Rhythm & Balance:  Pop & Turn with Lots of Extension are just too much work.  Why not use the same absorption turns he wants us to use in the bumps?  Quicker and less work.  Smear at the end...works in 4" of fresh snow.  Not as well in deeper stuff, a good way to trip yourself and go splat.  This is where edging really works well.  Edge both skis and bank the skis through the turn in the snow much like an airplane banks to make a turn in the sky.  The skis don't need to get up and out of the snow.  They can stay down in the snow, they just need to flatten to release from one turn, then edge into the next turn.  Flatten them when the knees are pulled up just like he does in bumps, then extend and edge the other way.

 

Keep your feet moving:  Yes, ski with your feet.  Other body parts amplify what the feet do.  Foggy--I just got some Oakley Rose Prizm (sic) goggles, and they're the best I've used yet in flat light.  His wiggle & scissor drills are probably OK to help a skier learn balance.

 

Skiing chopped or broken snow:  Crud is fun!  Yes to the narrow stance for a platform.  Lots of energy in the legs and big hops are just tiring and wearing on the knees.  Back to the retraction turns, quicker and less work, and edging the skis to slice through the crud.  Note how often the camera sees the bottoms if his skis--that's edging.  Steering gets the skis bounced around.  Edging slices through the lumps of crud.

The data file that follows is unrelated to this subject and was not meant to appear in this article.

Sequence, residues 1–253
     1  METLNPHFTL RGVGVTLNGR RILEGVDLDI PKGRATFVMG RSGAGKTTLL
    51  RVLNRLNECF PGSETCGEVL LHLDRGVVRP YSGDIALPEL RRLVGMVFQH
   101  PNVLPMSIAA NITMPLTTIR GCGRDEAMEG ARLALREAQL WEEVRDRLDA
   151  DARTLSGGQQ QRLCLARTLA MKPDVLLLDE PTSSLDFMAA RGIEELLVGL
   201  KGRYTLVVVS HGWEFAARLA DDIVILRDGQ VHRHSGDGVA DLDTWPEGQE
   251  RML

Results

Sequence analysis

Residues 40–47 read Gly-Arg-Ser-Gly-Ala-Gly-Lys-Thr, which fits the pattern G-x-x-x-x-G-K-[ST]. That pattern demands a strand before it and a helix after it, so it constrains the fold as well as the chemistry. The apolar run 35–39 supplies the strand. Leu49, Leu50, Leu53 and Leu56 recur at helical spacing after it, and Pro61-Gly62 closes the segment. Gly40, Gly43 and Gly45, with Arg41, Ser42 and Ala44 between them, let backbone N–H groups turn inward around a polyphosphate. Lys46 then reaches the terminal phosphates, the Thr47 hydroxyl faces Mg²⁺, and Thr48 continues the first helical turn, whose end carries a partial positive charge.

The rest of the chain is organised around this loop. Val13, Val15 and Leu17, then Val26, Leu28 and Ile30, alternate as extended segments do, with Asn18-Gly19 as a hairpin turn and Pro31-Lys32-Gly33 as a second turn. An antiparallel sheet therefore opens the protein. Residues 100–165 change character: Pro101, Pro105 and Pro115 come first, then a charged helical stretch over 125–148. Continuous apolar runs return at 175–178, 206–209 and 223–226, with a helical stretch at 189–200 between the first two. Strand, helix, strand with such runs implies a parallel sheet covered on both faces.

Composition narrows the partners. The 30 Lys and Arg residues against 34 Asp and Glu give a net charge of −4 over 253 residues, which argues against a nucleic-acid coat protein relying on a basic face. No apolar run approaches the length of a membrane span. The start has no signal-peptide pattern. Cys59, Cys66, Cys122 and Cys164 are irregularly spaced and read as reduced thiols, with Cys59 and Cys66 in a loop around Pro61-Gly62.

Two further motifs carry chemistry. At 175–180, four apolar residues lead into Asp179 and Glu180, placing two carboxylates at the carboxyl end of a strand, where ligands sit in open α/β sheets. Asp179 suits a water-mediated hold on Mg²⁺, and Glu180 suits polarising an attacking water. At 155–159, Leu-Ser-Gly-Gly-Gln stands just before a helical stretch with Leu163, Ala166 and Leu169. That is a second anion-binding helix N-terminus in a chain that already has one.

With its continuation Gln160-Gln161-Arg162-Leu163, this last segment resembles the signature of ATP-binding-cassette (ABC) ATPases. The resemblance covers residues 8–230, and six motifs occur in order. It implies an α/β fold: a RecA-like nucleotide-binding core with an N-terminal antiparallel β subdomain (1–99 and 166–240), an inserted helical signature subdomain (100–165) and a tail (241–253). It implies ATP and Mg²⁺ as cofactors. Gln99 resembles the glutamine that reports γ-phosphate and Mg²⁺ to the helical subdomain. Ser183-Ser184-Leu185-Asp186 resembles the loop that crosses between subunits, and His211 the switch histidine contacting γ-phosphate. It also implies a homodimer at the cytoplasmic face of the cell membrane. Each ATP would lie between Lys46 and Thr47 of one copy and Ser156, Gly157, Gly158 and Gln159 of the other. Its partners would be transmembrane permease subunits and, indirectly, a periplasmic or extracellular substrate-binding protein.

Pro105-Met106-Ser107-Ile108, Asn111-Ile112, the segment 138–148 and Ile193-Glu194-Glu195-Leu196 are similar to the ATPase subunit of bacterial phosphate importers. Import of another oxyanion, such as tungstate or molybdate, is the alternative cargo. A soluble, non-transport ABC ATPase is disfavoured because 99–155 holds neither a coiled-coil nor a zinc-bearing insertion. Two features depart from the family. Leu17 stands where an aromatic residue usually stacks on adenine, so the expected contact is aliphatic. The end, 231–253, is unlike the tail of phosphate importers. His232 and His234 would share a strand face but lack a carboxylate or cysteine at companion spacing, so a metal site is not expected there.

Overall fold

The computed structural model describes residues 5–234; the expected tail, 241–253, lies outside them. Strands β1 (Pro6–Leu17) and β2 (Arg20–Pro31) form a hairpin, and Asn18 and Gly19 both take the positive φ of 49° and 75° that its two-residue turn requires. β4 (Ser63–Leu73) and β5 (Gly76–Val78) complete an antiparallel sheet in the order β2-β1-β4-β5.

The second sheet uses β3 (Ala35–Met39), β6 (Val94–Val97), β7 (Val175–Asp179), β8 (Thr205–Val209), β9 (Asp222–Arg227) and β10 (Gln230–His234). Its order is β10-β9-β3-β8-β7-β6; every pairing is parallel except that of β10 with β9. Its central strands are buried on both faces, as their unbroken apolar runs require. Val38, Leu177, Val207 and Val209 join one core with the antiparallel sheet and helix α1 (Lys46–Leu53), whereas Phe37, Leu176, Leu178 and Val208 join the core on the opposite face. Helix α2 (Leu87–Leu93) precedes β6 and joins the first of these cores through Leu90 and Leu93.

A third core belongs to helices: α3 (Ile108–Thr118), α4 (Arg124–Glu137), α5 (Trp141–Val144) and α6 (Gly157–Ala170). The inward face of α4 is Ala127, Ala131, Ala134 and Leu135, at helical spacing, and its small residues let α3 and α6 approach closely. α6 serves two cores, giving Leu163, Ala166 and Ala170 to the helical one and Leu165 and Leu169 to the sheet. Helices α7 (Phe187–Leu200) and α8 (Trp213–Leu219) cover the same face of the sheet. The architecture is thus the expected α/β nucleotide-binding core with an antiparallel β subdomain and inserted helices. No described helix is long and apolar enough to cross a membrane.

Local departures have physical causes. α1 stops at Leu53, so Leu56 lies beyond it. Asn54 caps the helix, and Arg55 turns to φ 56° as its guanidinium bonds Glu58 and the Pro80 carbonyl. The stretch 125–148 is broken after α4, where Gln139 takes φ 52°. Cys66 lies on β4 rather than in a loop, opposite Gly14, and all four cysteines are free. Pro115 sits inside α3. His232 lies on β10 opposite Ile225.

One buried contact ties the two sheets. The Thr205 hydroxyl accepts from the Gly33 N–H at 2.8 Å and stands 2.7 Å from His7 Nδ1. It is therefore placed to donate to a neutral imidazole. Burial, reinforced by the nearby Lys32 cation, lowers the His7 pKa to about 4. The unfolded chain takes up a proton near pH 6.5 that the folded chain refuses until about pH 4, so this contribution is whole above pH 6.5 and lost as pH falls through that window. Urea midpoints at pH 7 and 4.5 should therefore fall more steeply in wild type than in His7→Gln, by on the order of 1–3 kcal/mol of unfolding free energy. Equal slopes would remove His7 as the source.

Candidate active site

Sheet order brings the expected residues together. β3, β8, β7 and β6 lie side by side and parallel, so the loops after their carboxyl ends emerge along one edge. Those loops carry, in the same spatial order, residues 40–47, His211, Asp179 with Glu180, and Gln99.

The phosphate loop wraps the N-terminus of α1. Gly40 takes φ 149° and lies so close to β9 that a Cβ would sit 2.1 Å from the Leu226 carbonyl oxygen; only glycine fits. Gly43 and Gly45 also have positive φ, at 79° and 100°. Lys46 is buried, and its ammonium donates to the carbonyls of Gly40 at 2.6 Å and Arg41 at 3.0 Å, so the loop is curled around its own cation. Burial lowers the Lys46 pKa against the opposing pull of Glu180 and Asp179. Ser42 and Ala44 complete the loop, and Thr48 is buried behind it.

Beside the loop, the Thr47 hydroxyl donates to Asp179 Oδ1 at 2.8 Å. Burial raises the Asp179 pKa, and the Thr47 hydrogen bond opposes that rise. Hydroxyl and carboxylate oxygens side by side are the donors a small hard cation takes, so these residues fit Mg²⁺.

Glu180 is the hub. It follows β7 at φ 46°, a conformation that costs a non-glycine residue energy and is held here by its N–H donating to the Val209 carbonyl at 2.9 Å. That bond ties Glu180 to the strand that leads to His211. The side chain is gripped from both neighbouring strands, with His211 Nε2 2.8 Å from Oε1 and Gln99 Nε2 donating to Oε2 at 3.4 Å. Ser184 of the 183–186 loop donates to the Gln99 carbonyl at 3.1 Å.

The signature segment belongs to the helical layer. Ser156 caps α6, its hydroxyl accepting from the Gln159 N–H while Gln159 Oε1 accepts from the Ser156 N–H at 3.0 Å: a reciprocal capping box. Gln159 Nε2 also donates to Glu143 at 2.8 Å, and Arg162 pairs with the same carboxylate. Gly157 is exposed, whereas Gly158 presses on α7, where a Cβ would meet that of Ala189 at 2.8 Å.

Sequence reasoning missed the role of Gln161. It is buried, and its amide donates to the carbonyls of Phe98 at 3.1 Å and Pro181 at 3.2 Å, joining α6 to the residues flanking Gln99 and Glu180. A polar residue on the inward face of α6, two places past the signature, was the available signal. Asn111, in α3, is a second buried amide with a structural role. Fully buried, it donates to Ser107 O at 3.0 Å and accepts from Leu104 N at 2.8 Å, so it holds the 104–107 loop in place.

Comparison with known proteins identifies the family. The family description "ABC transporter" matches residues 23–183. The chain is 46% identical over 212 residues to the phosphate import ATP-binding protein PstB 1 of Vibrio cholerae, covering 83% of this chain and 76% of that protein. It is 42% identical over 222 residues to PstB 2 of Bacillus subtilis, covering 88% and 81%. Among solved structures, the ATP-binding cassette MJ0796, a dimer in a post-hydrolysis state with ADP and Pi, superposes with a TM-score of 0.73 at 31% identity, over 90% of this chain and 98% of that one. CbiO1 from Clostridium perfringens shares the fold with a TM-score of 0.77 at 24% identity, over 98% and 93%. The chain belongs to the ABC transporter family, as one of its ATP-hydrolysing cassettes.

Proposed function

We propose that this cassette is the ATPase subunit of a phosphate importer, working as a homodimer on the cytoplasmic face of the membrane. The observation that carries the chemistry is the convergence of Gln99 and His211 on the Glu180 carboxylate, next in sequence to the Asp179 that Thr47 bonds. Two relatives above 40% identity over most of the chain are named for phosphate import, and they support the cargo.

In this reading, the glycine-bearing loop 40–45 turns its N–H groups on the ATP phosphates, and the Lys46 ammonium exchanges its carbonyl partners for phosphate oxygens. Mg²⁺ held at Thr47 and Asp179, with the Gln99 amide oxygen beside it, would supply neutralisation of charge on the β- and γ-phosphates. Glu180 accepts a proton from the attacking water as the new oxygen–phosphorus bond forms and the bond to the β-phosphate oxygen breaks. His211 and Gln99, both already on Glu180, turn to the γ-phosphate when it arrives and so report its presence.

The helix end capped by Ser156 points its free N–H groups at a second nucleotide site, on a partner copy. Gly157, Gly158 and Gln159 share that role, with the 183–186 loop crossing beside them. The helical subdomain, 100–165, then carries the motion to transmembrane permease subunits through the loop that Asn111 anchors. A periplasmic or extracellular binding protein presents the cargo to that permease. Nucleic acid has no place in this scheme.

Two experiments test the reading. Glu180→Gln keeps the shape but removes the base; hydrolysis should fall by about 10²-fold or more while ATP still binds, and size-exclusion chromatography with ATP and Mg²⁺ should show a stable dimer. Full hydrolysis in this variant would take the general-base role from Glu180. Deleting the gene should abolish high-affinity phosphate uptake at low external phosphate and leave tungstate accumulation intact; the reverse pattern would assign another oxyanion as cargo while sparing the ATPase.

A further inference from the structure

Reference Point:  Middle of the downhill ski--YES!  How do you know when you're in the middle?...when you're balanced on the balls of your feet, mainly on the outside foot.  2:12 is a good shot of how he's edging so his skis slice through this snow.  I'd like his inside shoulder/arm/hand higher and more forward. 

 

Pro-active stance:  Frozen crud--yuck.  Yes, keeping balanced is the only way to have anything work right.  He's describing the Skier's Paradox--the skier must be very aggressive to have the control to ski as slowly as they want.  Get forward, get balanced, really be aggressive with the snow in order to go with the speed and control you like.  Again, no way for the skier to tell when their collar bones are over their skis.  Balanced on the balls of their feet is something the skier can tell for themselves.  Shins against the boot tongues isn't a goal but an indicator of how far I've pulled my skis behind me and how I'm balancing my center of mass over the sweet spots of the skis.